The trial court further explained that, following Smith, the legislature enacted § 52-571b to ensure greater protection for the free exercise of religion under state law than is provided under the federal constitution in the aftermath of Smith. To that end, the court explained that ‘‘subsections (a) and (b) [of § 52-571b provide] that, even in the case of a rule of general applicability, the compelling state interest test applies before the state can burden the exercise of religion. Subsection (c) essentially provides that, unless the state can meet the compelling state interest test, a person may assert a violation of his or her exercise of religion in a ‘claim or defense' against the state.'' The trial court further explained, however, that subsection (d) of § 52-571b, which provides that ‘‘[n]othing in this section shall be construed to authorize the state or any political subdivision of the state to burden any religious belief, '' was merely intended to clarify that the compelling governmental interest test applied to governmental burdens on the free exercise of religion was not intended to apply to governmental burdens on religious beliefs such that, ‘‘in theory, even a compelling state interest such as the prevention of discrimination in employment cannot overcome [a religious institution's] reliance on the ministerial exception [as an affirmative defense to an employment discrimination action brought by one of its ministers or clergy].''

         The trial court therefore concluded that § 52-571b (d), as evidenced by its plain and unambiguous terms, operates as a rule of construction rather than a grant of immunity-the effect of which was to retain ‘‘the ministerial exception [as] an affirmative defense, as provided by Hosanna-Tabor, but one . . . not subject to offset by a compelling governmental interest.'' In reaching its conclusion, the trial court emphasized that statutes purporting to confer immunity from suit must be strictly construed. In this regard, the court observed that there was nothing in the language of subsection (d) that reasonably could be construed as conferring immunity on the plaintiff. On the contrary, the court explained, ‘‘[t]he language of [subsection] (d) stands in stark contrast to the [language of] many other statutes in the same title . . . that do confer statutory immunity. This language usually takes the form of ‘shall not be liable,' ‘no action may be brought,' or ‘shall be immune from civil liability.' '' Accordingly, the trial court concluded that the plaintiff had failed to make a colorable claim of immunity under § 52-571b (d), and, as a result, the commission's denial of the plaintiff's motion to dismiss the employment discrimination complaint was not an immediately appealable order. On appeal to this court from the judgment of the trial court dismissing its appeal, the plaintiff renews its claim that § 52-571b (d) confers on religious institutions immunity from employment discrimination actions. We reject the plaintiff's claim for the reasons set forth by the trial court.

         ‘‘As a threshold matter, we address our standard of review. We have long held that because [a] determination regarding a trial court's subject matter jurisdiction is a question of law, our review is plenary. . . . A brief overview of the statutory scheme that governs administrative appeals . . . is necessary to our resolution of this issue. There is no absolute right of appeal to the courts from a decision of an administrative agency. . . . Appeals to the courts from administrative [agencies] exist only under statutory authority . . . . Appellate jurisdiction is derived from the . . . statutory provisions by which it is created, and can be acquired and exercised only in the manner prescribed. . . . In the absence of statutory authority, therefore, there is no right of appeal from [an agency's] decision . . . .'' (Citation omitted; internal quotation marks omitted.) Nine State Street, LLC v. Planning & Zoning Commission, 270 Conn. 42, 45-46, 850 A.2d 1032 (2004).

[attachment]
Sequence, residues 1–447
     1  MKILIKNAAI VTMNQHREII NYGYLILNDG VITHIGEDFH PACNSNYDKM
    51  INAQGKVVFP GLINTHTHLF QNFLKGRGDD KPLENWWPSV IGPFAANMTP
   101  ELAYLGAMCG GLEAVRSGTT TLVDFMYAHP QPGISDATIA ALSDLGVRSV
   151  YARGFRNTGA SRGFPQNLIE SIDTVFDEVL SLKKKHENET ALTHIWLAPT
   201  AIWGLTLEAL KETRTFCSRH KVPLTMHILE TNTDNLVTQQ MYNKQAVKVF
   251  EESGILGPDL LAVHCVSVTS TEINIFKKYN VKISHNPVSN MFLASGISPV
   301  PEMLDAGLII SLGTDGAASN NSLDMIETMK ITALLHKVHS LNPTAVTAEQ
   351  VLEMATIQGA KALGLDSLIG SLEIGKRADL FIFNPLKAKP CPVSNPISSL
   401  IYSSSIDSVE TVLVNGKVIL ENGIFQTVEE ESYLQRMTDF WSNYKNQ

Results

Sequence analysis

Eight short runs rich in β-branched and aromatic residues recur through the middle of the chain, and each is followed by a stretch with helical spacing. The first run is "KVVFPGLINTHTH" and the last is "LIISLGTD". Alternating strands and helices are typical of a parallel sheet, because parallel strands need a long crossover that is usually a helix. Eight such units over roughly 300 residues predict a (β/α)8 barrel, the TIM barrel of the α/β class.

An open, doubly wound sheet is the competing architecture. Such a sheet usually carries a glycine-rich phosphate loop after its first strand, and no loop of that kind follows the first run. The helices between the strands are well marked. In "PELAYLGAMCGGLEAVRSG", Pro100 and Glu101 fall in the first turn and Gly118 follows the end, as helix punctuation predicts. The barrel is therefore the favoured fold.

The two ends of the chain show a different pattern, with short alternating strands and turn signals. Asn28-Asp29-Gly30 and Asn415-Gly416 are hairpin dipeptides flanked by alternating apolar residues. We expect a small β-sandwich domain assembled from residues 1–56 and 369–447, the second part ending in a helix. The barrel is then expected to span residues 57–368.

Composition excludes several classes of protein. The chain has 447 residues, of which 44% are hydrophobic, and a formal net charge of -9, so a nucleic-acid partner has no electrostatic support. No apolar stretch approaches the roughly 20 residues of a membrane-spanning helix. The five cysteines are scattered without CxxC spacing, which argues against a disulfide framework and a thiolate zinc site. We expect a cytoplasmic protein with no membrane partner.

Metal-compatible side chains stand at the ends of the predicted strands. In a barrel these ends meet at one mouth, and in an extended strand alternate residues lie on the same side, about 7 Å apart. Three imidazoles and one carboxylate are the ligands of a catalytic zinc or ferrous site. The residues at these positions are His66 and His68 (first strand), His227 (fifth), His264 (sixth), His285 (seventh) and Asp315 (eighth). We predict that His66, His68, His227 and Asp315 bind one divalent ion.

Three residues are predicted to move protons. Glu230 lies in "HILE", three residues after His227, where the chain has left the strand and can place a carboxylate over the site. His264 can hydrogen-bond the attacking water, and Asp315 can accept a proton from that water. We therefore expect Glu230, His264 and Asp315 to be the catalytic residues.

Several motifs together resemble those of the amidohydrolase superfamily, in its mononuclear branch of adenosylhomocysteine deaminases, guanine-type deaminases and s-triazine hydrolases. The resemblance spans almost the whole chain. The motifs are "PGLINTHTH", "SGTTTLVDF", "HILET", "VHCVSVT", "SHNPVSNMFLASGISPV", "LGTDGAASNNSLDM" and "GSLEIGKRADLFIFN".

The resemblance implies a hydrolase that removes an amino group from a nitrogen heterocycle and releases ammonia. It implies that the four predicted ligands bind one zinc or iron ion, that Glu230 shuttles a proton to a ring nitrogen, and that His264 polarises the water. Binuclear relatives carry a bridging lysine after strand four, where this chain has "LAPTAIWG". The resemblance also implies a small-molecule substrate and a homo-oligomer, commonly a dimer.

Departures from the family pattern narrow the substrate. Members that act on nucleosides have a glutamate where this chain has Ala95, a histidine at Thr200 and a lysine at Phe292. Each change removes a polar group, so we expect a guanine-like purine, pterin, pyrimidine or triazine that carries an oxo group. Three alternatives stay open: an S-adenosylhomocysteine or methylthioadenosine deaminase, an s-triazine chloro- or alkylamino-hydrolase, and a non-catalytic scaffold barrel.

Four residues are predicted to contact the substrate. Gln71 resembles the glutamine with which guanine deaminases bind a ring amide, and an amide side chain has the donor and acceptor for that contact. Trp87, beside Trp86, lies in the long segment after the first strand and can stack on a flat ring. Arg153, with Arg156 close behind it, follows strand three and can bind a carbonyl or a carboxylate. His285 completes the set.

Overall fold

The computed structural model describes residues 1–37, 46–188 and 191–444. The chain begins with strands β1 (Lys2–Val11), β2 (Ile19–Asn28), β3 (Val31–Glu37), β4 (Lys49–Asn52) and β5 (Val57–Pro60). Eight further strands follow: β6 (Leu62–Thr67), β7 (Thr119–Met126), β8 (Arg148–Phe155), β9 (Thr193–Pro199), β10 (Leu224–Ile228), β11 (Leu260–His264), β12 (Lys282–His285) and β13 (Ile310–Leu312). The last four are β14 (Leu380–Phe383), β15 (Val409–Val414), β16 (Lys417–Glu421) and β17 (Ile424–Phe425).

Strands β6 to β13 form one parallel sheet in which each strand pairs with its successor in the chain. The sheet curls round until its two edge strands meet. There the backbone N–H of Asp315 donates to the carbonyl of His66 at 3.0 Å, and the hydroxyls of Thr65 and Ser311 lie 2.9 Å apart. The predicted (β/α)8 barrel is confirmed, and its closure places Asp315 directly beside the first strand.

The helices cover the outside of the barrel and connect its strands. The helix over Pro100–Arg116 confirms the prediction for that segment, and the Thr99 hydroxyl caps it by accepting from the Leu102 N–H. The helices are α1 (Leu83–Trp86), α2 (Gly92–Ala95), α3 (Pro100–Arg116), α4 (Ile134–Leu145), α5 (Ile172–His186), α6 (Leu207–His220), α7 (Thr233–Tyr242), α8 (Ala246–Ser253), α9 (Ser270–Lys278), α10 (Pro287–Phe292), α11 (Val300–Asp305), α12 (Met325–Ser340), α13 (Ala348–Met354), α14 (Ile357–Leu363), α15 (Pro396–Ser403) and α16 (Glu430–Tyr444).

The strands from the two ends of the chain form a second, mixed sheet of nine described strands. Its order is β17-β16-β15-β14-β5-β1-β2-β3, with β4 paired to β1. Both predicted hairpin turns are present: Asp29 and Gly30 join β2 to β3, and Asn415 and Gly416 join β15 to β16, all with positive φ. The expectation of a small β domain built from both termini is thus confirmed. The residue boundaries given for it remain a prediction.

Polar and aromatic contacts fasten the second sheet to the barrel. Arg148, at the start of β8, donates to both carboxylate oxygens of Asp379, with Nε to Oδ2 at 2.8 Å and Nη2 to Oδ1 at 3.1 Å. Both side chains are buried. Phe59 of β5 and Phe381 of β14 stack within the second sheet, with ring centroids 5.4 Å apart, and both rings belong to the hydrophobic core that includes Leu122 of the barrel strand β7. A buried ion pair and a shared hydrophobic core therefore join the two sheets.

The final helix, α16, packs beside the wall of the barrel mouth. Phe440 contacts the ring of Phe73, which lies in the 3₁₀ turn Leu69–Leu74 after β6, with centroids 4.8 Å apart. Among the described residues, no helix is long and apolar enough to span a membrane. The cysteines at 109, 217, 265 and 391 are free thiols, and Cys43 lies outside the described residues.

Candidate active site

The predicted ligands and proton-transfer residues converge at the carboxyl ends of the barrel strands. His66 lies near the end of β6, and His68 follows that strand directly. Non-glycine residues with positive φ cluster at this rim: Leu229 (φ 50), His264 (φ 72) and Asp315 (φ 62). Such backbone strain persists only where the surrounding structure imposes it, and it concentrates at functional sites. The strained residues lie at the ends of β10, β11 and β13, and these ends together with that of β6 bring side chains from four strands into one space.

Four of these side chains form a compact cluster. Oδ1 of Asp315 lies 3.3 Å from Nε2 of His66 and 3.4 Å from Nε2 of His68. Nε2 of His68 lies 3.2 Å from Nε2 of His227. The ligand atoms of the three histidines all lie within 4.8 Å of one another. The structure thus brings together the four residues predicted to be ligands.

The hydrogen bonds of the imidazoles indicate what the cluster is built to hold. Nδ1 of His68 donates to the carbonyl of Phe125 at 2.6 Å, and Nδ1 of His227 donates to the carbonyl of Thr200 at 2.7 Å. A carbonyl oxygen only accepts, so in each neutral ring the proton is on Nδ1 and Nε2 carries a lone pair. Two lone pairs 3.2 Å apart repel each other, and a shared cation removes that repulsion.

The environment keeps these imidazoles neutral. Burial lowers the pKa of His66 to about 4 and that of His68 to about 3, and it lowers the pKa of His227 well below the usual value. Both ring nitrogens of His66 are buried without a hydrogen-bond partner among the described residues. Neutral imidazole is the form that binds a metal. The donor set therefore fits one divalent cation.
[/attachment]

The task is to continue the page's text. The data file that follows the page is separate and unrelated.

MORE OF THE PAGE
The right to appeal from an agency decision to the Superior Court is generally limited to final decisions of the agency. See General Statutes § 4-183 (a) (‘‘[a] person who has exhausted all administrative remedies available within the agency and who is aggrieved by a final decision may appeal to the Superior Court as provided in this section''); see also State v. State Employees' Review Board, 231 Conn. 391, 402, 650 A.2d 158 (1994) (‘‘a trial court has subject matter jurisdiction over an administrative appeal only if the administrative agency has rendered a final decision''). When the agency has not yet issued a final decision, § 4-183 (b) permits a party to ‘‘appeal a preliminary, procedural or intermediate agency action or ruling to the Superior Court if (1) it appears likely that the person will otherwise qualify under . . . chapter [54] to appeal from the final agency action or ruling and (2) postponement of the appeal would result in an inadequate remedy.'' It is settled law that ‘‘a colorable claim to a right to be free from an action is protected from the immediate and irrevocable loss that would be occasioned by having to defend an action through the availability of an immediate interlocutory appeal from the denial of a motion to dismiss.'' Dayner v. Archdiocese of Hartford, supra, 301 Conn. 771; see id. (‘‘the essence of the protection of immunity from suit is an entitlement not to stand trial or face the other burdens of litigation'' [internal quotation marks omitted]); see also Convalescent Center of Bloomfield, Inc. v. Dept. of Income Maintenance, 208 Conn. 187, 194, 544 A.2d 604 (1988) (‘‘[w]e have held an interlocutory order to be final for purposes of appeal if it involves a claimed right the legal and practical value of which would be destroyed if it were not vindicated before trial'' [internal quotation marks omitted]).

         Finally, whether § 52-571b (d) confers on religious institutions immunity from employment discrimination actions presents a question of statutory interpretation over which we exercise plenary review. See, e.g., State v. Lima, 325 Conn. 623, 629 n.4, 159 A.3d 651 (2017). ‘‘When construing a statute, [o]ur fundamental objective is to ascertain and give effect to the apparent intent of the legislature. . . . In other words, we seek to determine, in a reasoned manner, the meaning of the statutory language as applied to the facts of [the] case, including the question of whether the language actually does apply. . . . In seeking to determine that meaning, General Statutes § 1-2z directs us first to consider the text of the statute itself and its relationship to other statutes. If, after examining such text and considering such relationship, the meaning of such text is plain and unambiguous and does ...